History has had little good to say about the late King Zog of Albania, a politician who contrived to become a monarch in 1928 and was ejected by the Italians in 1939, spending the rest of his life in exile.
But London University's School of Slavonic and East European Studies can be forgiven for thinking kindly of Zog, or at least of members of his household.
During his seven years (1939-46) in exile in Britain, Zog employed a man named Gjenco Na i as his private secretary. Mr Na i stayed in Britain when Zog left for Egypt in 1946, working for the BBC monitoring service. He died in 1992. His papers, including correspondence shedding significant light on the attitude of the allied nations to Albania and on emigre politics, form the centrepiece of an unexpected bequest by his son Peter Nash - who died last year - which will enable the setting-up of a centre for Albanian studies at SSEES.
Michael Branch, director of SSEES, said Mr Nash had his first contact with the school during the 1980s when Albanian studies were revived by Dennis Deletant and Mark Wheeler. "But we hadn't the slightest idea that he was intending to do anything like this," he said.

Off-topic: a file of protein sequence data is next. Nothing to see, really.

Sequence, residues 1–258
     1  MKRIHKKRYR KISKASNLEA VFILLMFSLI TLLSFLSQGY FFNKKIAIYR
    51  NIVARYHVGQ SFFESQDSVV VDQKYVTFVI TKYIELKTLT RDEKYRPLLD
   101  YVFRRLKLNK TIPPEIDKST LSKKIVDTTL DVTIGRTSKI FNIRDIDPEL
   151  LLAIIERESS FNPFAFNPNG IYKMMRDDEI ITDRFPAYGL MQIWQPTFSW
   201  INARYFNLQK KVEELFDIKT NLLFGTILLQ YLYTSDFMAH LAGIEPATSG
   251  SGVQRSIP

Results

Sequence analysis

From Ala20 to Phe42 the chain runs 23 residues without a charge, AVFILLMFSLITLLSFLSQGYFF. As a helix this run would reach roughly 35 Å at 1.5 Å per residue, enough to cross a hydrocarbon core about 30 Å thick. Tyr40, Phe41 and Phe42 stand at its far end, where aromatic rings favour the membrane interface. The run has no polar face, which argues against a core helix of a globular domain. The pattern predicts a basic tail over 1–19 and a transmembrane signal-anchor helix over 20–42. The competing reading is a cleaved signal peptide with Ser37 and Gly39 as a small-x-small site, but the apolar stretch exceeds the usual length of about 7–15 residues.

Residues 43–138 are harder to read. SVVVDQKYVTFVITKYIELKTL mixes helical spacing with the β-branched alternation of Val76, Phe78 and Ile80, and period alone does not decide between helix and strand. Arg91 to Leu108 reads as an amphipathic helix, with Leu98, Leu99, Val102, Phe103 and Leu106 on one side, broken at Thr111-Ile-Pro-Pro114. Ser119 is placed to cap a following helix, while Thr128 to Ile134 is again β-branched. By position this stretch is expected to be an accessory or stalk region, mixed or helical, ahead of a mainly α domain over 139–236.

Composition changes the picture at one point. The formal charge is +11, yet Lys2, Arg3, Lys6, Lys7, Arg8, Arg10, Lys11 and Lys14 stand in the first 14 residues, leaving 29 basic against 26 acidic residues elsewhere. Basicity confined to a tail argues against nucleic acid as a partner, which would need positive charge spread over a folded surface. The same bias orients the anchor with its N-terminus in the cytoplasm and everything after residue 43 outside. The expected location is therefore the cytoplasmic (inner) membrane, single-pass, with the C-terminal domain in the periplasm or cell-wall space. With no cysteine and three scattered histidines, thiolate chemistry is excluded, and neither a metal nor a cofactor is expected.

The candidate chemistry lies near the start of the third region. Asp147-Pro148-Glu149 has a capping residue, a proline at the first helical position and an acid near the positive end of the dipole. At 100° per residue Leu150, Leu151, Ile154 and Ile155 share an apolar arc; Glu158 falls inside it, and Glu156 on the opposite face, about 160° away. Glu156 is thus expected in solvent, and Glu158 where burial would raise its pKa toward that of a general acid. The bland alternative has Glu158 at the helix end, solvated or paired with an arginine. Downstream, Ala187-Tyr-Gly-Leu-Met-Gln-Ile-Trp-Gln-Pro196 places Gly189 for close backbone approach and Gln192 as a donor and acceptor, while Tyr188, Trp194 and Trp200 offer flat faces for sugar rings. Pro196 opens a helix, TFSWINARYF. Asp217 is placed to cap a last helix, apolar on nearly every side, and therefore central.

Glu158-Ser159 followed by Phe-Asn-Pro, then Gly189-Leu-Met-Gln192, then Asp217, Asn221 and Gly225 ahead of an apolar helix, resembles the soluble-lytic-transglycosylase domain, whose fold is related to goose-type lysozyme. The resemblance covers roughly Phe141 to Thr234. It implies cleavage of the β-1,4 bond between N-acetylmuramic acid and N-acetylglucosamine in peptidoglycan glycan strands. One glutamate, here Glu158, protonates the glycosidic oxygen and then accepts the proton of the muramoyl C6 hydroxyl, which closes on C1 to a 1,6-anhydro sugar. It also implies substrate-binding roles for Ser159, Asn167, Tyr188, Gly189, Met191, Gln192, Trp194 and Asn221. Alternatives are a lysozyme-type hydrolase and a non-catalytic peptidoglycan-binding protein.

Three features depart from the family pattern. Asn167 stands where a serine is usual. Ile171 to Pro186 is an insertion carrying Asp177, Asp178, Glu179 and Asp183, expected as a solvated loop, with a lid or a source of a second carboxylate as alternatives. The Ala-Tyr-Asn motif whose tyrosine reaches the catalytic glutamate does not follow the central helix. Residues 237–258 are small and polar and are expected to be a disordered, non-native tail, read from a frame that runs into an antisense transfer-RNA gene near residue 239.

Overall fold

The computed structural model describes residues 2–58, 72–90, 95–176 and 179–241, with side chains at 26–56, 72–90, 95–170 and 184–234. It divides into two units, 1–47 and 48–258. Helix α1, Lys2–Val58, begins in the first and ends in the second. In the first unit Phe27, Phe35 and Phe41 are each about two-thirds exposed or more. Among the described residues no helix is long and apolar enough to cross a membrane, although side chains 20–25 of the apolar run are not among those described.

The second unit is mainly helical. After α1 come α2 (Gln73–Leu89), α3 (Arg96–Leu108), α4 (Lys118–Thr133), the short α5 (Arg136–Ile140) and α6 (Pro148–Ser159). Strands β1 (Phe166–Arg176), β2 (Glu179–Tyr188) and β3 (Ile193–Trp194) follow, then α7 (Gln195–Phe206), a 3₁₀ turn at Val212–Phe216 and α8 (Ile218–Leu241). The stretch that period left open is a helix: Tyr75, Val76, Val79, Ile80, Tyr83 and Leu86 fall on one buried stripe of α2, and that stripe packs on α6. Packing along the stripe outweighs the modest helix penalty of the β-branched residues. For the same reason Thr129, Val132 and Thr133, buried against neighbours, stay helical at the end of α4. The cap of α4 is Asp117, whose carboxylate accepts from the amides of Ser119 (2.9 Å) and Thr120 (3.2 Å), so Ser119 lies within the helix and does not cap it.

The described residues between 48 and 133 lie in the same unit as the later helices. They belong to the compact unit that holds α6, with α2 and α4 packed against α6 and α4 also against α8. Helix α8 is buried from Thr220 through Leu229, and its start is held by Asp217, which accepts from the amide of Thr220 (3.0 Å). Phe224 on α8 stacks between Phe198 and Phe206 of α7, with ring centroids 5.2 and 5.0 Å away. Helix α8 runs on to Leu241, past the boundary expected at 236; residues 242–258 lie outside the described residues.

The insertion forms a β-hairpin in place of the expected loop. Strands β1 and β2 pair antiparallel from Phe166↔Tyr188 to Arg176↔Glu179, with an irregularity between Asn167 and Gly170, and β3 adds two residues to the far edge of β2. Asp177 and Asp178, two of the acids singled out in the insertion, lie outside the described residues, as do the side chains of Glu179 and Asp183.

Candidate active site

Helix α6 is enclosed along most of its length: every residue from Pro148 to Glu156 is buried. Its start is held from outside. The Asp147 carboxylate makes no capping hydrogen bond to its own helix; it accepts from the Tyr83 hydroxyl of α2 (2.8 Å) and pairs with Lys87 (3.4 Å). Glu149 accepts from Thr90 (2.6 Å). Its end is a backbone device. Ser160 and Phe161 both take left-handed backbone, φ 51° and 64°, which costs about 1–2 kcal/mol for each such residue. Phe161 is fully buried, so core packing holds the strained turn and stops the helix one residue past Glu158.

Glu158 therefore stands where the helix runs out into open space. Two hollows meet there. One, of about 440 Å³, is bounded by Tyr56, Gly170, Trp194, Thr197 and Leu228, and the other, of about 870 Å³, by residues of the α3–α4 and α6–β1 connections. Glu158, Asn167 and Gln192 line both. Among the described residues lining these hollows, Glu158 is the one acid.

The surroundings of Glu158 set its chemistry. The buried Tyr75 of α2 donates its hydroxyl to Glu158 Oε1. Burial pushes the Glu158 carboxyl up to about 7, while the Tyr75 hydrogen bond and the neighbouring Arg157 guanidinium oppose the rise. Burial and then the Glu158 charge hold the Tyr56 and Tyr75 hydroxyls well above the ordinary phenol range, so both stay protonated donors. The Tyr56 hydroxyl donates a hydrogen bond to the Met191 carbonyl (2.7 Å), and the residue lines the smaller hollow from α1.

The Pounds 750,000 bequest will fund a research fellowship and an associated doctoral programme. A meeting in November will help decide the focus of the first fellowship appointment, for four years.
Professor Branch said provision in Albanian studies had traditionally been "spotty". "It is a very good example of the sort of subject that is impossible to support by normal means under current funding methods."
In the 1950s the school staff included the world's authority on Albanian etymology. In recent years SSEES has had Albanian lectors - initially from the Kosovo region of Serbia and more recently from the University of Tirana, while Professor Branch points out that an increasing number of Albanian students funded by the European Union's Tempus programme are now attending British universities.